I accept by staying whole, fully connected soul, spirit, body, mind and heart, I will face a world who will try to divide me. I will open myself up to pain and hurt. Just like the very real hurt that could come in having to face giving up Emma and Jordon if the court says we must. But in division, I would miss out on the colossal blessings of loving with total abandon. And no fear of pain is so ominous that the reality of love can not champion it completely.

Thursday, February 16, 2012

Personal History

As I am writing this a dear friend, Rob Miller, is undergoing heart surgery. They thought there were 3 blockages to bypass, but the news is that there are up to 6 the surgeons are correcting while they have his chest open. When I learned of the news of his mild heart attack, it caught me at such surprise, I felt a bit out of wind.

Rob Miller. He is and shall always be an important part of my family history. When I moved to Louisville to begin working after college, Rob was, as he continues to be, the preacher at Gardiner Lane church. I don't quite recall when I met Rob and his wife Lynn, but soon after I had settled into Gardiner Lane as my church family, I have memories of being invited to their home for dinner, going out after church for meals. It was not long before I was fully in love with their family, including their children Taylor and Logan, who at the time were very young. I found myself spending more and more time at their home, enjoying their company and soon feeling like just part of the family.

Rob was like an older brother to me. He was protective and encouraging and honestly, he spoiled me rotten. His generosity is like none I have ever known. He gives of himself, his time and his money with such generosity, it is hard to know how to receive at times. When Nate and I began to date and became engaged, he offered a marriage class and then volunteered to do our pre-marital counseling.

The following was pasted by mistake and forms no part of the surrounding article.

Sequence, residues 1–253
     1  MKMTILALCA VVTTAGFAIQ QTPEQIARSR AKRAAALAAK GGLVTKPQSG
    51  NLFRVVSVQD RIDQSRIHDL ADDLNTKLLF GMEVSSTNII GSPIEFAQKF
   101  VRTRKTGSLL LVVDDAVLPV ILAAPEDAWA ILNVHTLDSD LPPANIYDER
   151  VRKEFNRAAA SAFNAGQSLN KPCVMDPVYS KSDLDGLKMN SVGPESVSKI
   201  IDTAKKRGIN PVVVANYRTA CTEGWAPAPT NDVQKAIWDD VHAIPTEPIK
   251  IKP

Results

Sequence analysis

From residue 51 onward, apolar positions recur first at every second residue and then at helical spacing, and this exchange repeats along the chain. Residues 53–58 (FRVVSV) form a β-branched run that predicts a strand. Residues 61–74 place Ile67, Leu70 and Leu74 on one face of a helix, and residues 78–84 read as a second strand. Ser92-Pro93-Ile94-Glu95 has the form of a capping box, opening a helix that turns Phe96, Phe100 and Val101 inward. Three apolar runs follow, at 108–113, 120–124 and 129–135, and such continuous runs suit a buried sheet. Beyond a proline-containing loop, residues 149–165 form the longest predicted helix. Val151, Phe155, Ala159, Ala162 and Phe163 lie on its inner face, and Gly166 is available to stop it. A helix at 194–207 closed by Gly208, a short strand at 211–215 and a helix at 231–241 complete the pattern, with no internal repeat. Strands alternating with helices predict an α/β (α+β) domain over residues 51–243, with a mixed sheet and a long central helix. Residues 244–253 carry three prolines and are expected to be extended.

Rob supported our relationship and helped us to build it up as we prepared for our marriage, charging us with the task of talking out all manner of things, we left to our own devices would not have thought to talk about. He ministered to us individually and as a couple and when he then pronounced us husband and wife, it felt only natural that it was he who would be forever linked to our marriage, by his signature on our license, but more importantly as focusing our thoughts on what our marriage would be.

Just after our marriage, Rob knew Nathan and I wanted to buy a house. He had a house in his charge where his mother and aunt had lived. He approached us, shared a plan for us to own our own home. He again ministered to us, encouraging us to think through what we could afford, what we needed, and then again with great generosity offered us a plan to purchase our very first home with his help. Once again, Rob was a fixture in our purchasing our first home. Conveniently, he and his family lived just around the corner and it would allow us to spend a lot of time with them.

When Nathan and I found out we were pregnant with Noah, Rob again was a support for us. When I went into labor, the first person at the hospital was Rob and he sat with us while we waited for a room to open for me. He kept me entertained when I really was scared out of my mind. Just his presence with us helped me. Just like that big brother I had never had, he seemed to make the world a better place for me. The week after I had Noah, I needed to take him to the doctor, but could not drive because I had an epidural. Rob came and picked me and Noah up and took us to the doctor's office. As I took Noah back to the room for his exam, Rob was questioned if he was the grandfather, Rob is only 14 years older than me. When I came out with Noah, he met me so tickled by this conversation. I heard him tell that story over and over, each time with more laughter.